During the mortgage application process, you will receive a very important document called the Loan Estimate (LE). This three-page form will provide you with detailed information about your proposed mortgage. Here’s what you need to know to effectively make use of your loan estimate.
What Information Can I Find on My Loan Estimate?
The Loan Estimate will include all the essential details about your mortgage, like:
- Loan Term – this is how long you’ll have to repay the loan. Common terms are 30 years or 15 years. In general, the shorter the term, the lower the interest rate.
- Product – this is the type of loan interest rate you are receiving. The top two are fixed-rate mortgages and adjustable-rate mortgages (ARMs).
- Loan Type – There are a dozen different types of loans. A conventional mortgage is common for those with good credit, stable income, and a decent down payment, while mortgages like FHA or VA loans allow for lower credit scores and lower down payments. Jumbo loans are for those with mortgage amounts well above area averages. Of course, there are differences in the interest rates between all these types.
- Projected Payments – You will be given an estimate of the actual interest rate you’ll have to pay. The principal and interest will be itemized as will an estimate of your property taxes and insurance.
- Closing Costs – These are the fees you will pay to have your loan created and finalized. They typically run between 2% and 6% of the loan total.
- Loan Costs – This lists out how much the lender is charging to create the loan as well as any other “services you cannot shop for.” Any mortgage points you agree to pay to buy down the interest rate will be in this section as well.
- Total Cash to Close – this will show you a breakdown of all the fees you will pay before you sign the final contract, including your down payment.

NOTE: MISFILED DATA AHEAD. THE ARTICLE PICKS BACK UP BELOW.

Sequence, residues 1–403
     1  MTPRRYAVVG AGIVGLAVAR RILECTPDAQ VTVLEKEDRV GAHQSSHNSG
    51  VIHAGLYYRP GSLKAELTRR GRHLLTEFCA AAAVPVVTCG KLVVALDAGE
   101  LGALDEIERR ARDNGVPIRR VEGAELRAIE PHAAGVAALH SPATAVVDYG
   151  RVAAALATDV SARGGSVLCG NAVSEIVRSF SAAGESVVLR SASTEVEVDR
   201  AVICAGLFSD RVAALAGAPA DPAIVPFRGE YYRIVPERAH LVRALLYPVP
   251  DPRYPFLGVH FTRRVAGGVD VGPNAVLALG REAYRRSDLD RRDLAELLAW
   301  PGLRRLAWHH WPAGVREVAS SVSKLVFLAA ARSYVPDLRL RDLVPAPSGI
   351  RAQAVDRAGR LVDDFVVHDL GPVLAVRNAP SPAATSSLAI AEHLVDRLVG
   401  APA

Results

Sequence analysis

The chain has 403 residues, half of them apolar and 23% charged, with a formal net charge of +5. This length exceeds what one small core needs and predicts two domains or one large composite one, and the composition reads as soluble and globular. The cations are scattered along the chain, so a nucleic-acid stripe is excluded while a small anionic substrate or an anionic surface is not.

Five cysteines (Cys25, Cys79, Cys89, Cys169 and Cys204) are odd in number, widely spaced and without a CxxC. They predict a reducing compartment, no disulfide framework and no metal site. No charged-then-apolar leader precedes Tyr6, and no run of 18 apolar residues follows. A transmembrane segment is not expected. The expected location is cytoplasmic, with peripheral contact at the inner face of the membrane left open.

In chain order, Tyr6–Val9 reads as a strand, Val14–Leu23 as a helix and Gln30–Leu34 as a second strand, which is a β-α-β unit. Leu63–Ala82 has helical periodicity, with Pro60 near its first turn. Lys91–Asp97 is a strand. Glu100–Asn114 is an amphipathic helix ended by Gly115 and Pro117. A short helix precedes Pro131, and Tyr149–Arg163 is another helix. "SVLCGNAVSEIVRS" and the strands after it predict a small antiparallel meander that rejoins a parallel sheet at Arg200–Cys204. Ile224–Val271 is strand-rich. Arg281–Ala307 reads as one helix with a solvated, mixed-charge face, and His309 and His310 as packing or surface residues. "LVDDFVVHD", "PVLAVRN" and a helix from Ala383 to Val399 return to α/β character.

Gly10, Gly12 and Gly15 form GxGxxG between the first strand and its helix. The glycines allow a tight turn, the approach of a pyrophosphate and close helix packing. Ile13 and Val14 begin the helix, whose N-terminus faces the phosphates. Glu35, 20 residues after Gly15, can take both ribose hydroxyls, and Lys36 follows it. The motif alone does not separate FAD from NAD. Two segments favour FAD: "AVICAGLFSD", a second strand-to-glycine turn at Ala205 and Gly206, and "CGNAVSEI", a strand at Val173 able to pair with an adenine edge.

- Annual Percentage Rate – the APR is a measure of the total costs of the mortgage. Unlike just the interest rate, the APR includes things like property taxes, escrow fees, discount points, and mortgage insurance. The annual percentage rate is a better tool for the comparison of loan costs than the interest rate alone.
Can My Loan Estimate Change Before My Mortgage Closes?
Yes. If anything changes materially in regard to your loan or loan eligibility we are required to disclose it to you and issue you a revised Loan Estimate. For example, a revised loan estimate may be necessary when your home does not appraise for the agreed-upon sales price or some of your income such as overtime or bonuses are not able to be fully documented. In these cases, and others, we will discuss the changes with you and provide you with a revised loan estimate.
A loan estimate is a great tool to help you easily and more accurately understand your mortgage loan. Understanding what it includes and how it can help you compare different products can help your homebuying or refinancing process go much smoother.
Please give us a call if you have any questions about your Loan Estimate. We are here to help you!